The custom build industry has a problem – communication. We’re trying to sell the simple delivery of dream homes to customers who have no knowledge of our existence.
We are not self-build nor are we speculative housebuilders (both of which customers understand). We offer new build homes designed for the individual, not the lowest common denominator, and delivered without the hassle of Grand Designs. It feels easier to define custom build by what it isn’t rather than what it is.
I’ve recently done a review of the industry’s web presence and it’s something of a mixed bag. Bear in mind that most people will be doing general searches, like ‘new home’ in Google, which won’t lead them to custom opportunities.
But with a more targeted “custom build” search, at the top level most of the umbrella sites that come up typically feature both custom build and self-build. This further exacerbates the confusion that Government started but then stepped away from two and a half years ago.
Some of these sites still explicitly perpetuate this particular confusion, others talk about how much risk customers want to take, and still others call themselves self-build and then talk about custom build.
Trying to find a decent definition of custom build online means wading through paragraphs of impenetrable text and all the definitions are a bit different. And anyway this is not how consumers use the internet!
The industry would hugely benefit from a simple, well designed, custom build-only umbrella site to explain simply what custom build is. This should be supported with associated social media presence and be search engine optimised (SEO) to compete with the big house builders and Grand Designs.
It’s worth starting with the basics. Prospective custom build customers are in two principle categories. Those who are intending to move and those who would move if they knew they could get their dream home in a couple of easy steps.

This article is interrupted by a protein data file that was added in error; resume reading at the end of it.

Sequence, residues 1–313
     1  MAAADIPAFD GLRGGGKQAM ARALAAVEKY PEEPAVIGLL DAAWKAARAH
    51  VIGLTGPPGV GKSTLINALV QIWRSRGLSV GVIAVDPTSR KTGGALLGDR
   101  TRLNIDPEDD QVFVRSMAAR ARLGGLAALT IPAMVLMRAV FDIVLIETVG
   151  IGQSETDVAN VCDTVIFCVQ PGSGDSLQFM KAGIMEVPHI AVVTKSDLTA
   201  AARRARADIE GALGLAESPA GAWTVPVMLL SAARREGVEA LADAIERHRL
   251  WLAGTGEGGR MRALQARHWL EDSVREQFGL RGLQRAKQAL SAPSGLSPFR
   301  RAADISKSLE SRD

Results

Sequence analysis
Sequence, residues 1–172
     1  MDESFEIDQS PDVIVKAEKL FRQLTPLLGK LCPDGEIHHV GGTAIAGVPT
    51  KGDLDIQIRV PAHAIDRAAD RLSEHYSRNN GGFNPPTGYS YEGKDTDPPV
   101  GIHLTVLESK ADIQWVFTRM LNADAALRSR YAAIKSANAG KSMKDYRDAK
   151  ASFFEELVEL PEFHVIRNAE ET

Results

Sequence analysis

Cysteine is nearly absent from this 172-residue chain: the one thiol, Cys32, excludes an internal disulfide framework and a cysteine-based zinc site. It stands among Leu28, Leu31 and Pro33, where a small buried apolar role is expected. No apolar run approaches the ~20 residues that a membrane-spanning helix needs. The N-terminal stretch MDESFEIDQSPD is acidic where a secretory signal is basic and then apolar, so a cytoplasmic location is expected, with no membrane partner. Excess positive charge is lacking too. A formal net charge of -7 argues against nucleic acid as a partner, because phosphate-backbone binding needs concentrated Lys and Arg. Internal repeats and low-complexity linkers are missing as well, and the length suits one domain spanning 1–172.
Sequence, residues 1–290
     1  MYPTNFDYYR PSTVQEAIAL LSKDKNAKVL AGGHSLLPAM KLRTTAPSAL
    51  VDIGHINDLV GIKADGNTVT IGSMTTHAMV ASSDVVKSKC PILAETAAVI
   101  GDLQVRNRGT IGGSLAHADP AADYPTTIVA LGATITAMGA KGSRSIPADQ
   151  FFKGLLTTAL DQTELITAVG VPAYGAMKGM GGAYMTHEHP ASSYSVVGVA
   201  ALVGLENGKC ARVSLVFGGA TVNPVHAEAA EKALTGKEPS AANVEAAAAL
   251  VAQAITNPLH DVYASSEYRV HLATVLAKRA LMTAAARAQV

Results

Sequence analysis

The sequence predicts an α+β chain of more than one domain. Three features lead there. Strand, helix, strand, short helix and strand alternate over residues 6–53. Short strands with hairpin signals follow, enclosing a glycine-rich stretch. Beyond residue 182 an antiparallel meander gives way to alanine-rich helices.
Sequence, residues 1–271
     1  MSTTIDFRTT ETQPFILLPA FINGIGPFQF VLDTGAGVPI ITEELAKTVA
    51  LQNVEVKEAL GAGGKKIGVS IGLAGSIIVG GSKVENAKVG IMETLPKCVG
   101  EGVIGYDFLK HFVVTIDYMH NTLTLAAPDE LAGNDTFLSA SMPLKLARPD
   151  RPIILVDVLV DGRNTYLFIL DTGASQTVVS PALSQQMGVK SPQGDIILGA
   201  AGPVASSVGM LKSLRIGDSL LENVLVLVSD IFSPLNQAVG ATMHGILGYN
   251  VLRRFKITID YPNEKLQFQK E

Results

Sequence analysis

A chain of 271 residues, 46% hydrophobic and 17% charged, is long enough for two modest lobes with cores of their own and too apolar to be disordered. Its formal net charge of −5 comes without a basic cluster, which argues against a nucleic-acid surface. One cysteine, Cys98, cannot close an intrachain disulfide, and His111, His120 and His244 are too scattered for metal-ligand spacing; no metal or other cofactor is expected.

Prospective self-builders and prospective speculative house builder customers might, at the margin, come across to custom build if they knew what it was and it was available in their neighbourhood.
But for the most part, prospective customers will be looking for a second-hand home that better suits their needs or be thinking about extending or remodelling their existing home.
Most of them aren’t going to move very far and most of them aren’t going round their neighbourhood (or Rightmove) looking for plots of land.
So the leading custom build enablers and HomeManufacturers have worked out that making it easy for customers means offering the plot and the home as a package.
And marketing it to a local market through local channels, like Rightmove (a local channel because of the way search terms work on the site), site boards, local estate agents and local media, together with SEO-focussed web presence using local search terms. Basically doing exactly what estate agents have been doing for years.
There is no evidence currently that social media ads on the likes of Facebook and Twitter have any effectiveness, however well targeted.